The title of this post may be a trick question, considering that the name of this website is Open Borders: The Case. I recently finished reading Only Beautiful, Please: A British Diplomat in North Korea (Amazon link), authored by former British ambassador to North Korea John Everard. Everard lived in Pyongyang and built relationships with many North Koreans in the professional class, which is how he came by the information in his book.
The book is interesting for many reasons — how often do we get a look inside the world’s most secluded and arguably most oppressed society? But from an immigration standpoint, one passage on page 82 of the paperback edition caught my eye:
The attraction of the West was its much higher standard of living, not the ability of Western citizens to speak freely or to vote. The only real freedom that I found my contacts did want was the freedom to travel — to be able to visit relatives without the cumbersome bureaucracy of travel permits, and (among some of the less poor ones) the ability to travel abroad. Cheju Island, off South Korea (where South Korean newlyweds used to aspire to spend their honeymoons before honeymoons abroad became fashionable) was a particular draw; it seemed to have caught the imagination of young North Koreans as a place of great beauty, and I was scolded more than once when I had to admit that I had never been there.
One can argue that North Koreans don’t really understand the value of other freedoms, some which they’ve never experienced at all. But North Koreans have experienced the most closed borders regime in modern history; it seems absurd to argue that they have a significantly better grasp of what it means to have freedom of movement than they do with freedom of speech or the ballot. Yet in one paragraph, Everard captures the burning North Korean desire for freedom that burns brightest: open borders.
Closed borders keep people from working in the legal and social regimes which foster economic prosperity. They keep people from living in legal and social regimes which protect and promote the rights and dignity of human beings. They keep people apart from their most loved ones. They keep people away from the beauty of new experiences, new sights, and new sounds.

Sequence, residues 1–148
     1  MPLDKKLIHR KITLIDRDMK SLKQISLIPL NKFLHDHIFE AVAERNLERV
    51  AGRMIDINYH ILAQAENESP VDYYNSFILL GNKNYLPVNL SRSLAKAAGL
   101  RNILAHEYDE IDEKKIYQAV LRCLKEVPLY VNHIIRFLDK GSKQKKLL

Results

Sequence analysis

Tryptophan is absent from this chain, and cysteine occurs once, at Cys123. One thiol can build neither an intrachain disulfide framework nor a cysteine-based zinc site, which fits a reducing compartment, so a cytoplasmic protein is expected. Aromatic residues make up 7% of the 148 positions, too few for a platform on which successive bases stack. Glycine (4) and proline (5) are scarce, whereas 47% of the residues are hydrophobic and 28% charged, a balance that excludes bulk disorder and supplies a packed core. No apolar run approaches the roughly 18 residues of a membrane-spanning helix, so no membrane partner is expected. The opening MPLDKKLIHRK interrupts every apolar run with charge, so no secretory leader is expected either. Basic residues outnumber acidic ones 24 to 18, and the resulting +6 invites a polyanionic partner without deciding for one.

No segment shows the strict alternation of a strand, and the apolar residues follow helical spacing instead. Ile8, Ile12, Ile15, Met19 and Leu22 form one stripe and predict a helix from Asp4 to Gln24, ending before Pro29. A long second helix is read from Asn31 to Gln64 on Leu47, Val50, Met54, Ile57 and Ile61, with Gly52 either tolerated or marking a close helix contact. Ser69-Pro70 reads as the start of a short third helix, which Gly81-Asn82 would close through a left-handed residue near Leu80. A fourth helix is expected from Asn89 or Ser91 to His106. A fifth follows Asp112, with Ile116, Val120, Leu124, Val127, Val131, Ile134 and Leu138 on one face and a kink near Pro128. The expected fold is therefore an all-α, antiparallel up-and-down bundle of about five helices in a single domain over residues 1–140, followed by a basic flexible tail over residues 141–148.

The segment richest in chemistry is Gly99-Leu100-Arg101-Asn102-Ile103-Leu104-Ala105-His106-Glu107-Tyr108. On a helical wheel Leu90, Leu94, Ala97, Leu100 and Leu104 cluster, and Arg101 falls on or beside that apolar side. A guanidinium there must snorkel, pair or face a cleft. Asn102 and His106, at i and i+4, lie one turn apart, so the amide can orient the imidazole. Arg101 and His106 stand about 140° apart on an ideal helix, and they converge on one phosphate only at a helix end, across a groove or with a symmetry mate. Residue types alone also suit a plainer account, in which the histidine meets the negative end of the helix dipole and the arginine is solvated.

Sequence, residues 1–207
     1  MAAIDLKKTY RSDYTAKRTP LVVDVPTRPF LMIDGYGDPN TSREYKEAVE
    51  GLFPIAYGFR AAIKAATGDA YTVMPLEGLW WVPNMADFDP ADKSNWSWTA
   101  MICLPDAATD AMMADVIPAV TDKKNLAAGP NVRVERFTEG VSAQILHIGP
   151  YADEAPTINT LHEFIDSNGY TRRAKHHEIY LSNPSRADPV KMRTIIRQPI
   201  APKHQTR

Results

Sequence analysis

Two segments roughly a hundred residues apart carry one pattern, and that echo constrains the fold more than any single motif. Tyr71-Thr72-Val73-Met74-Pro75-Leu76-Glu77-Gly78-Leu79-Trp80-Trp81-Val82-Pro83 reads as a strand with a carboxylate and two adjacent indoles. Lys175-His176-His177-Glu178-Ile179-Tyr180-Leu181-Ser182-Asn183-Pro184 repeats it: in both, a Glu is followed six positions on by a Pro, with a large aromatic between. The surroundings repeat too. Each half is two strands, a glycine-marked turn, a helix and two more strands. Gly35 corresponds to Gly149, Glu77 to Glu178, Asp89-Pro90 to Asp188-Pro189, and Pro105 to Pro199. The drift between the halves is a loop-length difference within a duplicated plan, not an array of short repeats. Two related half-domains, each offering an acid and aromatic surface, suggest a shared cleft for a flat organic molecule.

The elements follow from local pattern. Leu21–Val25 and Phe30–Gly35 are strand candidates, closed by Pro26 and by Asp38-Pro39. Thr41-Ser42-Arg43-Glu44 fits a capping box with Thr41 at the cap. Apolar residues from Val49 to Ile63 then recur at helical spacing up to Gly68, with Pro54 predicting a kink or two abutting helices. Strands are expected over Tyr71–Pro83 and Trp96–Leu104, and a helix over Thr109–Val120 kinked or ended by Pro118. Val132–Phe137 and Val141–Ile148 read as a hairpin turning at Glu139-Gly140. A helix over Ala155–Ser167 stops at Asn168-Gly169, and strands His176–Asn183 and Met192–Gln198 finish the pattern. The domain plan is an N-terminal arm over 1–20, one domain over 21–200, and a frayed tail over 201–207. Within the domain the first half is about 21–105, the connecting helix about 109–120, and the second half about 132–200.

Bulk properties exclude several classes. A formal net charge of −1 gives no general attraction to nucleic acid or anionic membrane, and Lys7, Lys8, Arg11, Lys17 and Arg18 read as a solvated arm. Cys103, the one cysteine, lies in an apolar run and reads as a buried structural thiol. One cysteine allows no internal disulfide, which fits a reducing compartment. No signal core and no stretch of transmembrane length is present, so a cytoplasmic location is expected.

The complaints most of us have about our lives and our governments pale in comparison with most anything a North Korean has the right to complain about. And yet the one freedom North Koreans seem to want most is the freedom most of us lackadaisically dismiss as one not worth thinking about. Modern passport and visa regimes force people to live under unjust governments or hollow economic systems. They tear people away from their friends and family. They prevent people from learning new things about the world, prevent them from experiencing new wonders of life and nature.
You may argue that allowing people the presumptive right to travel where they wish is too much of an imposition on you. Fair enough. But you need to show reason to believe that this is the case — that we can reasonably believe a sojourner or immigrant to your country will prove an imposition, and that the cost of this imposition is too much for society to bear. You cannot simply say “I just don’t care about you — go on and suffer, because you weren’t lucky enough to be born in my country”, unless you wish to disclaim any pretense of common humanity with those foreign to you.
There is an argument to be made that untrammeled freedom of movement for literally all people would be too much of an imposition to bear. But in some sense, this is a strawman: I think most open borders advocates believe that a single country which immediately opened its borders today would likely face significant costs enough to outweigh the benefits to humanity from its open borders. And I think most open borders advocates are open to revoking the presumptive right to freedom of movement for individuals who constitute proven or likely threats to public order or health. It remains that the focus of our conversation on borders should not be: “Why should we have to let them in?”
After all, most people are not thieves or criminals. Most people don’t carry contagious diseases that threaten public health. We should be asking ourselves: “Why should we have to keep good human beings out?” The burden of proof has to be on those who would deny to any human being, born in North Korea or not, a most fundamental human freedom, a freedom that is perhaps second only to the right to life itself: the freedom of movement. Without movement, we have no agency in our lives; without movement, we lose all that makes life worth living.